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Libby Anne’s been knocking them out of the park, lately. After a strong one on Donald Trump and an excellent post on corporal punishment, she’s now talking about an upcoming conference. A group of evangelical Christians are gathering together to discuss child marriages.

1) The ‘youth’ ready for marriage has breasts. A woman who is to be married is one who has breasts; breasts which signal her readiness for marriage, and breasts who promise enjoyment for her husband. (We believe that ‘breasts’ here stand as a symbol for all forms of full secondary sexual characteristics.)

As in, they want’m. I honestly cannot think of something more dehumanizing; this group’s first bullet-point in determining whether or not someone is ready for marriage is not whether or not they are fully capable of consent, nor whether or not they’re interested in marriage, it’s whether their udders are sufficiently developed. This is literally treating women as cattle, property to be traded and sold based on its value to you.

Thank goodness the rest of us are more enlightened on the matter.

To be clear, there is nothing wrong with being titillated by a woman’s body. However, there is everything wrong with feeling entitled to a woman’s body. Male entitlement makes men believe that they should be able to access women’s bodies whenever and wherever they so desire. Many men in our society have been socialized to believe that women’s bodies are for their consumption, and that they deserve it—and when they are denied it, that they are the victims of cruel “friend zoning.”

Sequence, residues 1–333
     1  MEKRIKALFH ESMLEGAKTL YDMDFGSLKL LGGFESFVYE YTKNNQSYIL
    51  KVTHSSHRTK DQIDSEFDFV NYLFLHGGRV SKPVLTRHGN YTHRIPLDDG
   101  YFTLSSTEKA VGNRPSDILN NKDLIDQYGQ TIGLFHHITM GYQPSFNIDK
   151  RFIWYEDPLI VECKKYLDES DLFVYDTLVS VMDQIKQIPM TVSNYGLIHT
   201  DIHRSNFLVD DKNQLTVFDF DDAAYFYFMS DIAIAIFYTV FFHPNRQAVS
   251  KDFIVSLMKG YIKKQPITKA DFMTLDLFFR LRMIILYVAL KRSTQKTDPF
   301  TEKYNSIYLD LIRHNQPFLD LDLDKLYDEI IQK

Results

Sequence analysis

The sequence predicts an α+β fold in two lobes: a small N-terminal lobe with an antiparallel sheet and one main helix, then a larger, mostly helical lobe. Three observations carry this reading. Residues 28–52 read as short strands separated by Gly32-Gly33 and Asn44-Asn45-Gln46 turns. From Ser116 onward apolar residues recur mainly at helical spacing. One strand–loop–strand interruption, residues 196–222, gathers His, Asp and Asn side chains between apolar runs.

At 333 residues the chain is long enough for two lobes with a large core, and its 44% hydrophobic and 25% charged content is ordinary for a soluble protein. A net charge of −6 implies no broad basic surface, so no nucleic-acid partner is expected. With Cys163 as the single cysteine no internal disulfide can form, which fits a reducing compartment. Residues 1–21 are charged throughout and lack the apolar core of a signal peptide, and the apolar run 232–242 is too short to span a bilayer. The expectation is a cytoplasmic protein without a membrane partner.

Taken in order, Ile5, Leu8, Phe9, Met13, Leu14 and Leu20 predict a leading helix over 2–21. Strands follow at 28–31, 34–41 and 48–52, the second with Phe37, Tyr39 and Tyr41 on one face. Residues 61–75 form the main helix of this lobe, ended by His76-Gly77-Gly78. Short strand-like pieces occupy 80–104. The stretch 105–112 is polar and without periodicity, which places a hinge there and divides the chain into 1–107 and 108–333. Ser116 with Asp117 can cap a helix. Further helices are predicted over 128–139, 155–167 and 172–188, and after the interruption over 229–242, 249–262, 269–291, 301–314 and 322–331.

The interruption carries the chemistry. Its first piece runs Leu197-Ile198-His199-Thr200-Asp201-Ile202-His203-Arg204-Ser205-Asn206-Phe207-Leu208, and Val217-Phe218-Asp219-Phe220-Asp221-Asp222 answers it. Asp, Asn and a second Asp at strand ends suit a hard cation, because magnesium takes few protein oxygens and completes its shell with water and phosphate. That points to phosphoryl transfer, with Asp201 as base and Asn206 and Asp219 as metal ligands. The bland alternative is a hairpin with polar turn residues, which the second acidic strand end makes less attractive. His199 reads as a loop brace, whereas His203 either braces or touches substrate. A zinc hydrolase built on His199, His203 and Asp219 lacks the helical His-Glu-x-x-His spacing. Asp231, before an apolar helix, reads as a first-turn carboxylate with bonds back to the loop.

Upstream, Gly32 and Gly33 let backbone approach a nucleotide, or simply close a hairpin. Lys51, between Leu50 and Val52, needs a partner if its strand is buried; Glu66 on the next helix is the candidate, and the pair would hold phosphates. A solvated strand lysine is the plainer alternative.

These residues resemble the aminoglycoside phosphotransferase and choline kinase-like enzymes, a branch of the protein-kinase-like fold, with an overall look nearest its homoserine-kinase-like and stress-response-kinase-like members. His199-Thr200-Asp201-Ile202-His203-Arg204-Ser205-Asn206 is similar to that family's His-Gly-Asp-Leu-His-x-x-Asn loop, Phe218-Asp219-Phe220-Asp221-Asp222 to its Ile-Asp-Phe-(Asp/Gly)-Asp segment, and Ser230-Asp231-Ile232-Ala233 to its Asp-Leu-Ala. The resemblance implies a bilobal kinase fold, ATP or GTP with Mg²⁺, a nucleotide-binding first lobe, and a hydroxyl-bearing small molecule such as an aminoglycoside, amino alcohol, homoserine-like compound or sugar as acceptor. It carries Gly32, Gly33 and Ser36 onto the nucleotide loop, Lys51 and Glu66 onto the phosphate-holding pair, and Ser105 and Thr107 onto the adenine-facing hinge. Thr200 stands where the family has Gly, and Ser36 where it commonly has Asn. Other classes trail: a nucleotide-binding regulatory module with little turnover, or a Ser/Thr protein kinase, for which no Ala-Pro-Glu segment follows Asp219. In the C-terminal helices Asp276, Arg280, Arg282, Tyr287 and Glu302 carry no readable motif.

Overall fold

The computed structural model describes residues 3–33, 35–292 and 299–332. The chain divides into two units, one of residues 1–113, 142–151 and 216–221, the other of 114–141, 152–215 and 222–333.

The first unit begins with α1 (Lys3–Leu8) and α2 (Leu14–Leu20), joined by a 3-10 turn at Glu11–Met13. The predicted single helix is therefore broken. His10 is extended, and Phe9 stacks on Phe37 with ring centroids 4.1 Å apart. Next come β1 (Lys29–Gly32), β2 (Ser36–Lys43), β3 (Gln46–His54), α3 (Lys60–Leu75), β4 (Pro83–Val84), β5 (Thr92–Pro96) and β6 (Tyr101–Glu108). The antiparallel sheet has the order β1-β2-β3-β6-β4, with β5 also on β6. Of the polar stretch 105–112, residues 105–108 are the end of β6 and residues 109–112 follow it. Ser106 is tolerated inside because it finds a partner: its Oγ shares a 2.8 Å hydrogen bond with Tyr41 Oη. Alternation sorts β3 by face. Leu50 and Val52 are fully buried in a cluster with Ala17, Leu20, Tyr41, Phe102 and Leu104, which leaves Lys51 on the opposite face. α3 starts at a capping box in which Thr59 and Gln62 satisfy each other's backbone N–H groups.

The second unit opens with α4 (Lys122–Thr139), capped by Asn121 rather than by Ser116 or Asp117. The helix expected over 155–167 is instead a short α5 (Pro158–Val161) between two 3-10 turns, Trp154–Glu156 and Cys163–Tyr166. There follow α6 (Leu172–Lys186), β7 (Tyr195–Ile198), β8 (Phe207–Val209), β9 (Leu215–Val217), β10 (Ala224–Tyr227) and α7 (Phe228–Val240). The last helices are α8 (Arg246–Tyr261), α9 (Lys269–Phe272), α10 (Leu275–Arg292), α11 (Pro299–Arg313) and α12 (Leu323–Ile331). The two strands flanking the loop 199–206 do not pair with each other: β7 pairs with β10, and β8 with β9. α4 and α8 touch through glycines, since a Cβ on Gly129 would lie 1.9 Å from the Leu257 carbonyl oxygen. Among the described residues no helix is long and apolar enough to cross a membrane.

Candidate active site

But on the flip side, male entitlement also means that when they don’t want to see a woman’s body, it should be covered up for the man’s benefit. When they don’t want to get aroused—such as in a restaurant, in the workplace, or at school—they believe that women’s bodies should be removed from their sight.

Oh, right. While not on the same scale, these historic values still echo around mainsteam culture. Our discouse subtly reinforces male dominance, which feeds into and excuses sexual violence.[1] [2] Don’t think that because you’re free of religion, you’re free of all the assumptions that pervade it. Don’t think that because you’re less sexist than a group of evangelical Christians, you’re not free of sexism.

And don’t think of someone else’s body as property you own or have a stake in.

[1] Adams, Peter J., Alison Towns, and Nicola Gavey. “Dominance and entitlement: The rhetoric men use to discuss their violence towards women.”Discourse & Society 6.3 (1995): 387-406.

[2] Bouffard, Leana Allen. “Exploring the utility of entitlement in understanding sexual aggression.” Journal of Criminal Justice 38.5 (2010): 870-879.